For example, there was a further struggle that led me to discovering my ‘Eureka’ moment: once qualified, while individual WorkLife coaching came easily to me, group workshops and presentations didn’t. I was so incredibly nervous that I would be physically ill before talking in front of people. I was also very inhibited and not my natural self and to top all of that off I became very wooden!
To overcome this I undertook a Foundation year in Drama along with several shorter acting courses and a year long directing course, which led me to being Assistant Director on a production of Hamlet that went on to being performed at the RSC Open Space in Stratford Upon Avon (that’s my claim to fame!).
This is when I had my ‘Eureka’ moment of how the techniques, structures and methods of theatre making are significant in the world of people development. The unique skills sets per- forming artists have had to develop in their craft brings learning alive. This excited me because I knew with my background in learning and development I could collaborate with artists to create meaningful learning programmes.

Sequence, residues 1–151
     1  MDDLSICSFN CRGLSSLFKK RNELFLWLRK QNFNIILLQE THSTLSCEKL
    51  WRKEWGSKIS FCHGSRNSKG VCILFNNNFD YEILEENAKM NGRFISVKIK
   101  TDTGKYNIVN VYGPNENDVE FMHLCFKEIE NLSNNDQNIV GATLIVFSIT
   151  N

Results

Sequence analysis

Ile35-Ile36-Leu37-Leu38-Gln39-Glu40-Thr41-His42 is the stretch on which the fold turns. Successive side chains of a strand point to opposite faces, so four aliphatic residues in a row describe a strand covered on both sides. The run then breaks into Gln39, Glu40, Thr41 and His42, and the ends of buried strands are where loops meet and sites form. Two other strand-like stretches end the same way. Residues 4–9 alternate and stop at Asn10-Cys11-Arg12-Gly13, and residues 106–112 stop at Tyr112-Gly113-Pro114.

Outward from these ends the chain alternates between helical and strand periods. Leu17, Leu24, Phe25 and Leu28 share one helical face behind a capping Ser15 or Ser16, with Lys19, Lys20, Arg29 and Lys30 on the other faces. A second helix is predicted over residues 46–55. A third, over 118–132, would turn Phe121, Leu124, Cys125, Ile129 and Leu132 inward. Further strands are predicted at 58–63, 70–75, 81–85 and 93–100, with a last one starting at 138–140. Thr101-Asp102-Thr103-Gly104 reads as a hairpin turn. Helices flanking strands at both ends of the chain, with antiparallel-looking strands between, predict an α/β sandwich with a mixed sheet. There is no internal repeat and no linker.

That’s how I found my story and it has been helpful in establishing my company brand, and in business and networking situations helping me to talk about what I do. It’s also been helpful in developing presentations and pitches for work.
But what about presentations? How can you adapt your unique story to help you deliver a great presentation that people are going to want to listen to?
Making Your Story into a Powerful Presentation
You need to think about the single purpose of your presentation, the one principle that is most central to what you want to accomplish.
Let me demonstrate with a presentation I’m currently working on. This is part of an application process for funding to deliver community projects.
First a little further background
As well as working with the Arts in the workplace through people development programmes, I’m also passionate about bringing the joy and benefits of the Arts to the community. This includes retirement homes and to people who are living with dementia and Alzheimer’s.